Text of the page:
SA7. China’s Gift to the World by Dave Wetzel

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By Dave Wetzel – The Missing Economic Policy for Sustainable Development

Contribution to the session on “Theories of Urban Development and Planning in the Era of Globalization” by Dave Wetzel FCIT – Transforming Communities. (Dave ‘ ).

China is a growing super power. Her GDP expands each year at. an amazing rate. The shift in the past 40 years from a communist, mainly agricultural economy to a communist-led, mixed public/private economy producing massive growth in industry has been nothing short of incredible.

China has become the manufacturer of the world. Every child in the USA and Europe plays with toys and games that have been made in China and households have many goods that originated in Chinese factories.

China is truly a global player.

This expansion in the international arena has led to economic prosperity for China ­at a price.

The price is greater exposure to the World’s dysfunctional financial and economic systems where even in the so-called “prosperous West” (USA and Europe) – much poverty sits beside plenty, where many are left uneducated, where health programmes are often either unaffordable or do not match people’s needs, where many essential services (including much research for cures to illnesses) rely upon charities accosting people on the streets or advertising on TV for donations, where amid prosperity many people’s diets are inadequate, where it is common to find unemployed and homeless people and where taxes on trade and incomes are far too high.

The current world financial and economic crisis leaves China dangerously exposed. Chinese factories now face massive reductions in overseas demand for their goods and the whole economy suffers.

It must be possible to improve upon a system that produces such dire results.

This present crisis is a symptom of the failure of the capitalist mode of production. That is not to say that the free market exchange and trade of goods and services between individuals, companies and indeed between countries, is intrinsically bad. This trade where we each produce and exchange more of what we excel in (preferably in a sustainable way) can only benefit mankind.

Local production for local markets is also a desirable way of reducing huge transport costs and many adverse effects on our environment. This should be achieved by releasing local economies to play to their own strengths and not by creating artificial trade barriers whether they are taxes, duties and custom charges on imports or artificial barriers, such as laws prohibiting certain goods for reasons other than genuine safety or for ethical considerations (such as the international trade boycott on South African goods during the apartheid period).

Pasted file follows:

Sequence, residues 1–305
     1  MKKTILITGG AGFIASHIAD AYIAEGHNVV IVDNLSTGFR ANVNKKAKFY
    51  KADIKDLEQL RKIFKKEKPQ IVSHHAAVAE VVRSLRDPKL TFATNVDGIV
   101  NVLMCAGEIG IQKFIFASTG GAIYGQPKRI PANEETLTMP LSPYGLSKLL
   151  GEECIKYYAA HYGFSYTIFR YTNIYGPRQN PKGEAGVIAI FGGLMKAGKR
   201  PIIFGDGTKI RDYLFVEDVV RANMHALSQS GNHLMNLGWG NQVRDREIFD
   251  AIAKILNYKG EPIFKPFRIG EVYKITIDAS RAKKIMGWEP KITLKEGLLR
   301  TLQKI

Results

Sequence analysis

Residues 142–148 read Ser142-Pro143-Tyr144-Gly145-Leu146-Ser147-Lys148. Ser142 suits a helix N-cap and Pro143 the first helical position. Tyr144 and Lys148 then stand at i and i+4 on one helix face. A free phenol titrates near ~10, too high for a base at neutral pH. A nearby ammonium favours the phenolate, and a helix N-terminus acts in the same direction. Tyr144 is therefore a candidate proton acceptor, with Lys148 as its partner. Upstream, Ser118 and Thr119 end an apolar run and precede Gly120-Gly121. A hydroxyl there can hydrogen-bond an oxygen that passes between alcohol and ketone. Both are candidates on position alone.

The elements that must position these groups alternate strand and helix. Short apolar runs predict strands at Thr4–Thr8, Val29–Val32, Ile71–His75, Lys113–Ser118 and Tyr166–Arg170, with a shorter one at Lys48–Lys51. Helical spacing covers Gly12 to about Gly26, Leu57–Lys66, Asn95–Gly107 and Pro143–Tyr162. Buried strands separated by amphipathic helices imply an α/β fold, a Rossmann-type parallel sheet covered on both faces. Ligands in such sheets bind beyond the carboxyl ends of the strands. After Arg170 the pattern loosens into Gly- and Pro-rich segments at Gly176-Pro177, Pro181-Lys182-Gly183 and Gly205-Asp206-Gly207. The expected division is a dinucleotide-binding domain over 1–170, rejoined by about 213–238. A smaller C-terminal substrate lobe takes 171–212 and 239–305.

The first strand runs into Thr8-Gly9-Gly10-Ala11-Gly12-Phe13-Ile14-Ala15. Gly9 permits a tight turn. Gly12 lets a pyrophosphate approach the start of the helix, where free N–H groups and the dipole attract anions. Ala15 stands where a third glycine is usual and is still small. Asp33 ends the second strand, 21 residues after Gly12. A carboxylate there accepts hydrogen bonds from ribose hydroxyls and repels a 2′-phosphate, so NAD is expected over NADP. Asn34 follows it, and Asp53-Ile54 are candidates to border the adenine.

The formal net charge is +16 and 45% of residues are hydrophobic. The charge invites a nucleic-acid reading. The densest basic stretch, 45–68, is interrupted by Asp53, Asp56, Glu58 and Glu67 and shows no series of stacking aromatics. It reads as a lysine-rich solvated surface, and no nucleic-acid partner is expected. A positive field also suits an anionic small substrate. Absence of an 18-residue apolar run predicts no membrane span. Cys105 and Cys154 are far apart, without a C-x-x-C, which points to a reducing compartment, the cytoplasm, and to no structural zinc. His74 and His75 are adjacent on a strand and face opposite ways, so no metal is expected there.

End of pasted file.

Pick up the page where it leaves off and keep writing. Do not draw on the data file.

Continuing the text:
It must now be obvious to all, that the current capitalist mode of production as practiced in the West does have a fundamental flaw. Many Government leaders are happy to just blame the banking and financial systems and seek regulatory controls on future lending. I believe that the current crisis is caused by a much deeper underlying defect than a mere banking/credit problem. The fact that this crisis is not unique, that it is a part of a pattern of a regular circa 18 year cycle of booms and slumps must surely indicate that we are all ignoring a fundamental truth, a truth as important to economics as the law of gravity is to physics.

Could it be that because of its unique history, culture, politics and intellect – that China could not only develop an economic model that gives it some protection from the current and future world trade downturns but actually sets the agenda for other major and emerging economies to follow?

The answer to this question has to be a resounding “YES”!

Most economists failed to see the impending economic crash.

This is like saying that most rocket scientists failed to see that they had to produce enough power to overcome the Earth’s pull of gravity if they were ever to launch a satellite into orbit.

How can economists, the practioners of a science that does nothing but study the production and distribution of wealth be so ignorant?

It can only be because there is a failure in their body of knowledge. An important factor gets totally ignored, distorted or deliberately misconstrued.